The devoted diplomacy Ankara has carried out in the past few weeks with the European Union has started to bear fruit. Foreign Minister Mevlüt Çavuşoğlu during his three-day visit to Brussels explained to his interlocutors Turkey’s road map in its relations with the EU in the new period as well as his country's expectations. Meanwhile, exploratory talks between Turkey and Greece on the Eastern Mediterranean dispute started earlier this week in Istanbul.
The will to turn a new page in relations can be openly seen both in Ankara and Brussels. An important sign regarding this issue came on Tuesday with a statement that German Foreign Minister Heiko Maas made following an EU foreign ministers’ meeting. Speaking after the meeting, Mass, who was in Turkey last week, said: "We did not decide to sanction Turkey today because we see that there are positive developments.” Maas, who said that the EU has long been waiting for the problems between Turkey and Greece to be resolved and talks to start, stated that this positive process should now not be strained by sanctions.
In fact, this stance is a political stance that Turkey has been expecting from the EU since the beginning. Turkey, especially in terms of the Eastern Mediterranean issue, had been underlining that problems can be resolved through multilateralism and that the rights of regional countries cannot fall victim to the fait accompli of just one country. Turkey was expecting the EU, which adopted a political stance that supports Greece unconditionally, to make positive and constructive statements just as Maas recently did.
Now it seems that Brussels reacts positively in the face of Ankara’s “diplomacy first” initiative. Time will tell if the EU is decisive on this matter because Turkey-EU relations have been long focusing on political conflicts of regional problems rather than on bilateral issues as well as mutual economic and political gains. The security conditions that the Syrian civil war created, the migration crisis and the tensions in the Eastern Mediterranean have all caused Brussels from time to time to adopt an irrational and unfair attitude toward Turkey. An EU leadership that listens to all sides instead of remaining blindly loyal to Greece and France in these complicated issues and adopts a constructive stance would be much more advantageous for everyone.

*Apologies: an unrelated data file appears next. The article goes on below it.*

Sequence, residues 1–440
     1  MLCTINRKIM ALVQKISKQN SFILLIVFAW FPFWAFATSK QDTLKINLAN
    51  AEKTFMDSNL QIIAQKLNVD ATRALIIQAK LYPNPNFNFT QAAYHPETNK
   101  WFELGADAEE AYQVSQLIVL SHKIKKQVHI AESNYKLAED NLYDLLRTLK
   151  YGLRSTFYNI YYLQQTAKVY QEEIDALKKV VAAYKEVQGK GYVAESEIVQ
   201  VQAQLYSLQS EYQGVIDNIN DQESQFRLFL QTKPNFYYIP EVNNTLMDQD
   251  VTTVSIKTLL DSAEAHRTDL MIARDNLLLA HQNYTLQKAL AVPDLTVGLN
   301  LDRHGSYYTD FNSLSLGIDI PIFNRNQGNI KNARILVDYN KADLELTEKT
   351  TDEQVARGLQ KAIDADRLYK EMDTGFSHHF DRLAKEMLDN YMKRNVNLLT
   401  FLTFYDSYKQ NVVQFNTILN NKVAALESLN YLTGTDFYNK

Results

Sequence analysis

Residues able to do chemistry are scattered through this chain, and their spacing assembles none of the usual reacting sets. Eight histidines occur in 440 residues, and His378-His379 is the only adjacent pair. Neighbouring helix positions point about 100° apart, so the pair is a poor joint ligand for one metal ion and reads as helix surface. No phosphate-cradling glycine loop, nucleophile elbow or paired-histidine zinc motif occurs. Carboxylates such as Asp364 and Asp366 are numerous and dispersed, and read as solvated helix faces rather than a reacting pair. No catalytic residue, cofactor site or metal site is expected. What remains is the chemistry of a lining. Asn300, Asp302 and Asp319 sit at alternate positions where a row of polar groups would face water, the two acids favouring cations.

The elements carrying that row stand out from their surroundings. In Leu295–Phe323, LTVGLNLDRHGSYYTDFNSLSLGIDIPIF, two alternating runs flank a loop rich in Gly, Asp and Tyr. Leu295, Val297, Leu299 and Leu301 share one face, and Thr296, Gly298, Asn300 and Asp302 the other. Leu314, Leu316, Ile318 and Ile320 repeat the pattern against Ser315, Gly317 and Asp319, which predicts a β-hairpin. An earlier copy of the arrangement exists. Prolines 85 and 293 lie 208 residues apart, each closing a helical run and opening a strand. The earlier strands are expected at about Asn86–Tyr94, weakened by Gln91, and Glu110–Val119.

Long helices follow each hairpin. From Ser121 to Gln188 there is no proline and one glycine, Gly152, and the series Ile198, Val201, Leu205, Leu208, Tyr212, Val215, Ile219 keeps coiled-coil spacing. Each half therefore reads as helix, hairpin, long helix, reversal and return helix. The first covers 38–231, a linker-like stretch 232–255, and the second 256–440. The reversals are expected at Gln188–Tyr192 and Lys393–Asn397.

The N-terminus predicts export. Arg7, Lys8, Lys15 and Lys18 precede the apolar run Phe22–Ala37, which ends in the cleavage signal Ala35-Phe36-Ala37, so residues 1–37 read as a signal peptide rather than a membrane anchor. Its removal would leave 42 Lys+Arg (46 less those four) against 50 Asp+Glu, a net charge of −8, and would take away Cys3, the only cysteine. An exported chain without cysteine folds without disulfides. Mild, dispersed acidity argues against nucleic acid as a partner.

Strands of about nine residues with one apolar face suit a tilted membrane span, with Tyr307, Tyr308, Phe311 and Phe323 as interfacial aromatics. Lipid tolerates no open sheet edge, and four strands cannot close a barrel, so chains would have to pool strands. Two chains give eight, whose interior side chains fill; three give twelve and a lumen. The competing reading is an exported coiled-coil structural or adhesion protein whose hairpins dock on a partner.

Turkey, despite everything, has been the side that continued dialogue with the bloc, presented alternative policies and was open to negotiations. Çavuşoğlu, who has engaged in busy diplomatic traffic in Brussels last week, stated that a consensus was reached on the renewal of the migration deal. Çavuşoğlu, who said that the new period started with positive rhetoric, added that this has to be supported now by concrete acts and steps to be permanent.
In March 2016, Ankara and Brussels signed an agreement to reduce the number of migrants taking the dangerous Aegean Sea route to Europe and to find a solution for the influx of migrants heading to EU countries.
Under the deal, Turkey was promised 6 billion euros ($6.77 billion) in financial aid to be used by the Turkish government to finance projects for Syrian migrants. Yet, Turkey did not undertake the difficult task of shouldering increasing migration from Syria only for the sake of financial assistance but has also demanded visa liberalization for Turkish citizens; likewise, the customs union was to be updated.
Now that, in a process in which significant topics including Turkey’s accession negotiations, the renewal of the customs union, the Eastern Mediterranean as well as the issue of refugees are on the agenda, Ankara awaits continued concrete steps from Brussels.
These topics focus especially on the fight against terrorism, including the PKK and the Gülenist Terror Group (FETÖ), which carried out a failed coup attempt on July 15, 2016, alleviating the burden of Syrian refugees on the Turkish economy and the fulfillment of promises in the visa-free travel agreement.
On the other hand, no unilateral EU policy created without considering Turkey’s national interests and rights could bring positive momentum to this process.
Despite all of these issues, Turkey has continued and will continue to provide security for the EU’s southern border within the scope of NATO, its global fight against terrorism, its protection of around 4 million refugees, economic and trade relations as well as solidarity in social and health fields without problems.
It would be beneficial to quote the views of a high-level EU diplomat with whom we met recently. The official stated that the cooperation between Turkey and the EU that has continued throughout the centuries has significant gains but that this cannot be seen sufficiently due to current political disputes. Saying that Turkey and the EU are not natural allies only because of geography but also due to socio-cultural ties, the official added that a strong foundation exists for both sides to build relations. Giving the gains of the customs union as an example, he said that Turkey-EU relations must not fall victim to daily political conflicts.
It seems that whether the softened rhetoric of Ankara and Brussels will transform into a permanent amelioration depends on the extent of a constructive stance that both sides will adopt.
While all this happens, Brussels’ criticism based on "political justifications" of Ankara’s fight against terrorism and defense of its rights under international law will be the last thing that Turkey wants to hear in a process of permanent enhanced relations.